If others have suggestions, I am open to them. Please know that I am fine with folks being goofy and doing their thing. I am not the blog police. But maybe we can have some blogs and forums (as Rob Barrett has suggested) that foster more consistent and serious conversation.

The biblioblogging world in decline?

For some time now (maybe 9 months) I have noticed a serious decline in postings on a number of blogs, many which I used to regularly read. In fact, some bloggers who were the most widely read and most prolific, have just about disappeared…

What is happening?

Here are, I think, problems that have led some bibliobloggers to lose steam

1. Boredom

2. Lack of time – but, since most of us are either full-time students or full-time professors, we can all complain about not having time, and yet we all still do it.

3. Writer’s block – I have experienced this before, but I think it is temporary. Inevitably we (as bloggers) are engaging in new discussions, facing new teaching and research problems, and reading new books.

4. Lack of interest on the part of readers – maybe some have felt that there are no readers out there, or just a few. But I believe, if you make it worthwhile, “they will come.” Also, small communities are fine.

Perhaps I can convince any one blogger to push forward, or I can excuse one or two for a serious period of absence for a good reason (like moving across country like I will be doing in a few weeks). But what can we do about the languishing world of the biblioblogs [I recognize that some pockets are thriving, but I must confess that it appears to be losing energy as a whole]?

I don’t mean to be overly critical – I WANT to see revitalization. Here are some of my recommendations.

1. FOCUS – We need bloggers to think about their niche more. General readers, I think, are not looking for everyone to comment generally, but to learn (at least once in a while) from the specialties of each blogger.

2. FRESH FACES [or PAGES] – We need some new blood. I think we have all appreciated the very exciting contributions of new biblioblogger, but well-recognized scholar, Prof. Larry Hurtado.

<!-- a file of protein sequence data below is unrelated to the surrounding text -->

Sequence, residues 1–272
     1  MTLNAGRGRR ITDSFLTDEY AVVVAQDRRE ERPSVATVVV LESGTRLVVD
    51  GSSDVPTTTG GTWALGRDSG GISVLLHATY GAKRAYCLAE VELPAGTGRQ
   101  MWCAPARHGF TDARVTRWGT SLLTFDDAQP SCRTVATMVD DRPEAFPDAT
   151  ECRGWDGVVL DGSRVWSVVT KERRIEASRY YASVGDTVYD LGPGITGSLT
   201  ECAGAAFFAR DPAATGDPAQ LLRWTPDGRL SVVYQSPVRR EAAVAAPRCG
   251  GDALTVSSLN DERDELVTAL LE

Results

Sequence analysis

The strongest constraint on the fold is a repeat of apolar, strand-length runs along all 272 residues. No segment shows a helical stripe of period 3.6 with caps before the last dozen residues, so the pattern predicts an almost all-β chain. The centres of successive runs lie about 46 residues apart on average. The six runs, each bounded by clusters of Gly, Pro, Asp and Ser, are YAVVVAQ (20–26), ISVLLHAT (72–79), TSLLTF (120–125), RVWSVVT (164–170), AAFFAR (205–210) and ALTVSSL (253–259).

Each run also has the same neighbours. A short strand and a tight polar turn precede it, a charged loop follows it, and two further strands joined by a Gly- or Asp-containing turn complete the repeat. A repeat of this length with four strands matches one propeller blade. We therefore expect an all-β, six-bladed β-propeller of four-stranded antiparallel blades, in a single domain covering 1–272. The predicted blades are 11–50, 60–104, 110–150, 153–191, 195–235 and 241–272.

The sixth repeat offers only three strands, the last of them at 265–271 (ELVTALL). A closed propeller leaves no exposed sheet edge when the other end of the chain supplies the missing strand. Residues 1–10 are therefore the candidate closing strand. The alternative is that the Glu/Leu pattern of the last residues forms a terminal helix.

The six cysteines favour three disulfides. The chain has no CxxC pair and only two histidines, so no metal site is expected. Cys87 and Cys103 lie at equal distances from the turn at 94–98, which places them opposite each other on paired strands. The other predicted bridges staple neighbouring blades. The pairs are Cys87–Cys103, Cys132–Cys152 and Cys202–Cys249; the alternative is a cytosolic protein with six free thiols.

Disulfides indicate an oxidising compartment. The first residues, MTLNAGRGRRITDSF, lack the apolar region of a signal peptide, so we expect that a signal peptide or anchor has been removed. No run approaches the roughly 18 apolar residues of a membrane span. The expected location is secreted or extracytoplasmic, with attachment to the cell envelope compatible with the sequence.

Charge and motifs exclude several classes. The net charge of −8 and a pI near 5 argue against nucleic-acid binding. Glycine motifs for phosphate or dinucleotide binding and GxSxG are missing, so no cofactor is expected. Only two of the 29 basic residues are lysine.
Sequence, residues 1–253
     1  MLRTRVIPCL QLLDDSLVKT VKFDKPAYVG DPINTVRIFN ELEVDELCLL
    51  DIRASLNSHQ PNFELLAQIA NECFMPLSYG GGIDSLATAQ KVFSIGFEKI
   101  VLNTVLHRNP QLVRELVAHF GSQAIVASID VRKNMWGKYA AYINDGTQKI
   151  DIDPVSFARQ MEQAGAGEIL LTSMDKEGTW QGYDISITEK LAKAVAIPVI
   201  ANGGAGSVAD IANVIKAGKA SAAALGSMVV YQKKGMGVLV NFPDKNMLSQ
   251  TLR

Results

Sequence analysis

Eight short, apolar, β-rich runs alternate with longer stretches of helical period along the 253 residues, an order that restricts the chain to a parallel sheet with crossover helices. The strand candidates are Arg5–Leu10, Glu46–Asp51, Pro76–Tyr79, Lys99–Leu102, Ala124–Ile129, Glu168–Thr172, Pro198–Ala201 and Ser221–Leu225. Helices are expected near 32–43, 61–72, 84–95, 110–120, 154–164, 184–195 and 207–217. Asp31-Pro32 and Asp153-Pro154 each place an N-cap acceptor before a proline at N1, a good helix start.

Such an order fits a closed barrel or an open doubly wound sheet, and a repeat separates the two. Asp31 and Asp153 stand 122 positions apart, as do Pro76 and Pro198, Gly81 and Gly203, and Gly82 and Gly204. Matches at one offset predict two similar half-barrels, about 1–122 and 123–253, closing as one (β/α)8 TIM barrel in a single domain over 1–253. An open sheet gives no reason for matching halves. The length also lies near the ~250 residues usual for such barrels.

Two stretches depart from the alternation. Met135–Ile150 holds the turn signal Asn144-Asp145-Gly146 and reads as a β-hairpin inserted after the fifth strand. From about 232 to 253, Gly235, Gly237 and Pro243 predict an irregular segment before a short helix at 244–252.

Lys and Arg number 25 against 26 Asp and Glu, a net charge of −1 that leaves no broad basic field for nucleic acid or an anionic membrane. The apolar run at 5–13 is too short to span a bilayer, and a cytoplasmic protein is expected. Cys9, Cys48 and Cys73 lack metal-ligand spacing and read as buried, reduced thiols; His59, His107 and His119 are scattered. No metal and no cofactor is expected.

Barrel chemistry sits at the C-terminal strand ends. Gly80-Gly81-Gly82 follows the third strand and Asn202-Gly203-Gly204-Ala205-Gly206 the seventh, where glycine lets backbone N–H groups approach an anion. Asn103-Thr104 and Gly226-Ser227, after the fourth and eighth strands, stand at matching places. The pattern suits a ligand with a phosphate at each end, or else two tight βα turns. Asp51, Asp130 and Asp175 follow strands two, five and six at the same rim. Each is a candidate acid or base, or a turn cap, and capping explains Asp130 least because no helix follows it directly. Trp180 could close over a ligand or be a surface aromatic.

3. CONSISTENCY – Some good bloggers seem to be hit or miss on actually blogging about the New Testament. Sometimes we see humorous posts about the news or random thoughts. I think (and I know some will disagree with me) that biblioblogs need to be more consistent in content. That doesn’t mean it has to be all serious – blogs are fun precisely because we can be more casual and goofy. However, I get frustrated when I see a feed-reader for biblioblogs and none of the posts are about Biblical studies!

4. TRUE CONVERSATION – It seems that, though we read each others’ blogs and even sometime comment, we don’t always seem to be having meaningful conversations. Can we start to facilitate good interaction somehow and try to learn from one another as (ideally) happens in face-to-face conference-style interaction? Perhaps initiating more bloggers conferences might help, where a group comes together (digitally) at a certain period and commits to blogging on the same issue/problem/subject/text, all drawing from different strengths and with a willingness to respond thoughtfully to others for mutual benefit.

5. ANONYMOUS COMMENTS NEED TO STOP. Enough said.

6. DEEPER RATHER THAN BROADER – Perhaps we may see more productivity if bloggers commit to writing a series of posts on the same topic. This helps generate interest and also lends itself to the blogger reflecting more deeply on the subject.

Disclaimer – some folks are content with making random posts and not taking the blogging world too seriously. Fair enough. However, even though I come to this world for some kind of recreation, I still hope to learn and have meaningful academic discussions as this biblioblogdom continues to exist.